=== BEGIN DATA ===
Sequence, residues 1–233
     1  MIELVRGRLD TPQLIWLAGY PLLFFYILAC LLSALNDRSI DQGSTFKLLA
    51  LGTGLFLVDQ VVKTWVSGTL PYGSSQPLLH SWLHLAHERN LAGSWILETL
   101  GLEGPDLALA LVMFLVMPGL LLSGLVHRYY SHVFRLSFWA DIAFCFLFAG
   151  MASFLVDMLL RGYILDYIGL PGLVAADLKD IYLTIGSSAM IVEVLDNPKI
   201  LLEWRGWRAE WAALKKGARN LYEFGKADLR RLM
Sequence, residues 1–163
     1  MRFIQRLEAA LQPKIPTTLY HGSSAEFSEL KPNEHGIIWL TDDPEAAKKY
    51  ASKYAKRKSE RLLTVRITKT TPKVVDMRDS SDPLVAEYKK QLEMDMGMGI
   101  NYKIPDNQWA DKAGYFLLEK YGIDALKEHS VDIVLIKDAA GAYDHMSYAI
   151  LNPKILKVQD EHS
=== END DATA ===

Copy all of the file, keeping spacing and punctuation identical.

Sequence, residues 1–233
     1  MIELVRGRLD TPQLIWLAGY PLLFFYILAC LLSALNDRSI DQGSTFKLLA
    51  LGTGLFLVDQ VVKTWVSGTL PYGSSQPLLH SWLHLAHERN LAGSWILETL
   101  GLEGPDLALA LVMFLVMPGL LLSGLVHRYY SHVFRLSFWA DIAFCFLFAG
   151  MASFLVDMLL RGYILDYIGL PGLVAADLKD IYLTIGSSAM IVEVLDNPKI
   201  LLEWRGWRAE WAALKKGARN LYEFGKADLR RLM
Sequence, residues 1–163
     1  MRFIQRLEAA LQPKIPTTLY HGSSAEFSEL KPNEHGIIWL TDDPEAAKKY
    51  ASKYAKRKSE RLLTVRITKT TPKVVDMRDS SDPLVAEYKK QLEMDMGMGI
   101  NYKIPDNQWA DKAGYFLLEK YGIDALKEHS VDIVLIKDAA GAYDHMSYAI
   151  LNPKILKVQD EHS